Soon after the vision document was adopted, the discourse opened up again, as critics, both within the administration and in the city council, argued the food profile discourse remained too abstract. A discussion emerged on the concrete goals the food vision’s ambition would translate into, and on how to operationalize these. This discussion was mainly held within two parallel groups. A newly formed municipal food workgroup was led by the city marketeer and consisted of policy makers from predominantly three strategic departments: Strategy & Research, Economic Affairs, and Communication. The second group consisted of the highest municipal managers. A variety of potential food goals were proposed, but, at its core, the discussion was about two diverging normative ideas: fostering a stronger, more innovative agri-food business sector on the one hand, versus stimulating healthy and sustainable food and short food chains on the other. A third, more cognitive idea found wide resonance among all involved actors and connected them: food as a promising tool for better connecting a wide range of siloed policy efforts.

To add focus and concretize Ede’s food ambition, actors involved in the discussion increasingly called for a specific municipal food strategy. In 2013, an intern (this paper’s lead author) and consultants from Wageningen University and Research were therefore asked to develop a strategy. They introduced the new idea of a food strategy as a holistic approach for improving the food system in and around a city, a theoretical concept originating from food policy sciences (Cretella 2016). Food system stakeholders and citizens were consulted and introduced a wide range of food related ideas. In 2014, cultural, culinary and local food ideas gained ground in this food strategy discussion, as Ede became Dutch ‘capital of taste’ that year, which led to a range of events on local food and food culture.

The food strategy process also revealed that becoming the agri-food center of Europe meant something different to actors in each municipal department, when they were consulted to synthesize the proposed ideas into main policy goals. The Economic Affairs department advocated the idea of facilitating the agri-food sector to boost the economy, the Social Affairs department advocated the idea of educating citizens with a small budget on healthy nutrition and of food education for children, and the Spatial Development department advocated the idea of more urban agriculture in neighborhoods. As the process coordinators wanted a widely supported strategy, all ideas were ‘piled up’ and no trade-offs were made. Dynamics between the departments were therefore friendly and without power struggles, with a wait-and-see mentality among actors towards this new concept of a food strategy.

The proposed ideas were so manifold and normatively varied, that involved actors agreed to synthesize ideas into the main idea of food as one crosscutting issue with a wide scope, touching upon both economic and social issues, that should be governed through an integrated approach. We call this the integrated food policy discourse. It comprised a wide spectrum of policy ideas, ranging from stimulating school gardens, to facilitating knowledge exchange between agri-food businesses, as the Ede food vision document shows:

  1. 1.

    Enhancing the economic strength of Ede: competitiveness with other cities and regions and attractiveness for companies and knowledge institutions, students, visitors (business and touristic) and (future) inhabitants.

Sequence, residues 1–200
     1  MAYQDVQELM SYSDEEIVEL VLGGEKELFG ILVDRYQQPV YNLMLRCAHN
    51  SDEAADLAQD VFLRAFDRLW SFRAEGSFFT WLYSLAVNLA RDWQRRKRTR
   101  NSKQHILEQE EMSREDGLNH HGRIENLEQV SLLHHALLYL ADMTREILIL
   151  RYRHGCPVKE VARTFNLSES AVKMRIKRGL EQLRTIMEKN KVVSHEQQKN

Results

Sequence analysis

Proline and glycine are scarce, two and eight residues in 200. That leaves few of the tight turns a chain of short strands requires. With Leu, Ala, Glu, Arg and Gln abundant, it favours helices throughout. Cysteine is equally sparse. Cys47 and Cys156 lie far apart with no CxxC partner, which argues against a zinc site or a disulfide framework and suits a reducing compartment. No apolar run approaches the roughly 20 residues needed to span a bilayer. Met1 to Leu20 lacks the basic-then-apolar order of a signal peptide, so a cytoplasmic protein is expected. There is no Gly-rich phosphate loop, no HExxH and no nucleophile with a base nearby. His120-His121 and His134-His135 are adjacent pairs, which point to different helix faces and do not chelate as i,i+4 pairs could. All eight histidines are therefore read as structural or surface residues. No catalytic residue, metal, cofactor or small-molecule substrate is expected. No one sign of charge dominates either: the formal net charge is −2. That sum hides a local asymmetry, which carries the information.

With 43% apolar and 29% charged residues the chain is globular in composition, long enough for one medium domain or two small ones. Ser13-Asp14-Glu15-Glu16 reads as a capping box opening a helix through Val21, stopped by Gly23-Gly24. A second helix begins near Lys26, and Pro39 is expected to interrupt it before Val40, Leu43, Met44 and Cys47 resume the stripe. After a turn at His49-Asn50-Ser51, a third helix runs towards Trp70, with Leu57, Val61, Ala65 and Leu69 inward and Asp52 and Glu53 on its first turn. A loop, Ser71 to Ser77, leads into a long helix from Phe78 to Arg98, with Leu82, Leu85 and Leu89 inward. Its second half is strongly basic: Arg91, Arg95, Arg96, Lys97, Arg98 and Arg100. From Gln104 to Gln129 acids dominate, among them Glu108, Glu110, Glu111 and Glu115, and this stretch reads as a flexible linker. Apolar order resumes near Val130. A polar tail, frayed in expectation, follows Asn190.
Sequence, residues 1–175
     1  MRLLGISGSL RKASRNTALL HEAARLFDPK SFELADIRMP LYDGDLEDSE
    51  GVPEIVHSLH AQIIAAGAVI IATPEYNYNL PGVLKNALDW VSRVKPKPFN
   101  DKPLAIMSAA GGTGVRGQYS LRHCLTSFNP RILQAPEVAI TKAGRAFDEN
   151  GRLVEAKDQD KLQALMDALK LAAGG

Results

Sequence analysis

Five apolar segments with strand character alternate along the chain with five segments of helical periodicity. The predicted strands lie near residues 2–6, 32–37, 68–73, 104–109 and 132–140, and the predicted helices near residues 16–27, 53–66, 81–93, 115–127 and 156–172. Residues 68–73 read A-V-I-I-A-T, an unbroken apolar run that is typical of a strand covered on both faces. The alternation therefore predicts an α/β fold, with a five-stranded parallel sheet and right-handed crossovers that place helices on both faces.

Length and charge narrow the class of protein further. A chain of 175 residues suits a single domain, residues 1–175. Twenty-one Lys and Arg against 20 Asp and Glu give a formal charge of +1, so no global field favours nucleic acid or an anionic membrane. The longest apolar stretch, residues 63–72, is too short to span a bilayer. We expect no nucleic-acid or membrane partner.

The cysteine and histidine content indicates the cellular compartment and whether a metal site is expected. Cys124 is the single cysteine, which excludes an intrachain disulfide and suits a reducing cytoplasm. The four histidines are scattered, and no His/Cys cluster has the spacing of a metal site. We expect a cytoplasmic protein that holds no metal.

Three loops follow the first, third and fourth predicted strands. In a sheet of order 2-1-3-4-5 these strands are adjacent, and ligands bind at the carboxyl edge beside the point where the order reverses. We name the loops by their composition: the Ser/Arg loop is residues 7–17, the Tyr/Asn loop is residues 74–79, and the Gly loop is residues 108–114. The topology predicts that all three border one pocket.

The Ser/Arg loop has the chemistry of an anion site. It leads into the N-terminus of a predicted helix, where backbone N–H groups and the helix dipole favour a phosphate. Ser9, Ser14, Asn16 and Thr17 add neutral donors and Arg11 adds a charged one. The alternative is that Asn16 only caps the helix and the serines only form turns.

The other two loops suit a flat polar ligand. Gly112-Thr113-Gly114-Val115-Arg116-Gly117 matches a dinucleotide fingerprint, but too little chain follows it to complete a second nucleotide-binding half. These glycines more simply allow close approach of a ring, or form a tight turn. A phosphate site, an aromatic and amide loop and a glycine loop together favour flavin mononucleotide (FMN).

2. 2.

    Enhancing the social strength of Ede: enhancing meeting and connecting, strengthening the bond between city and countryside and facilitating and stimulating awareness around healthy and sustainable food (Gemeente Ede 2015, 12).

Compared to the food profile discourse, the integrated food policy discourse was less abstract, but much broader in terms of substantive scope.

2014–2015: A second and more comprehensive institutionalization phase

Following the emergence of the integrated food policy discourse, a second, and more comprehensive food institutionalization phase can be distinguished between 2014 and 2015. Upon elections in 2014, the political coalition changed. The new coalition found the food strategy important and wanted to take thorough steps to implement it. Five organizational innovations were therefore introduced: i) the position of food alderman; ii) the adoption of a politically binding food strategy; iii) the allocation of a food budget; iv) a food strategy implementation program; and v) eventually also a food team.

The position of food alderman was a direct outcome of the Board of Mayor and Aldermen’s 2014 portfolio negotiations, in which the Board unanimously designated food as a distinctive portfolio issue. The policy issue of ‘food’ was assigned to a newly elected alderman, which resulted in ‘food’ receiving a responsible elected official and a stable spot on the municipal agenda. This made Ede the first municipality in the Netherlands with a ‘food alderman’. The food strategy ‘Visie Food!’ was adopted by the city council in 2015, as the final product of the development process that had started in 2013. This made it one of the few food strategies in the Netherlands with a politically binding status (Sibbing et al. 2019). The food strategy reflected the broadness of the integrated food policy discourse: goals were manifold (19 goals) and differed greatly in topic and abstractness. The council also assigned a budget of several million euros to implement the food strategy over the course of 5 years. This budget was drawn from a newly created investment fund, thereby exempting the municipality from – potentially hard – negotiations about reallocating existing budgets, as the (sizable) budget did not have to be drawn from regular municipal finances. The food budget was designated to develop an implementation program for the food strategy and implement it between 2016 and 2019. The first annual food program was developed in 2015, further concretizing the strategy with sub goals and targets. The program was developed and managed by the food team, which consisted of a newly hired food program manager, a project assistant and the former intern, who was now hired as a food policy maker. The food team provided the food strategy and program with executive capacity and expertise.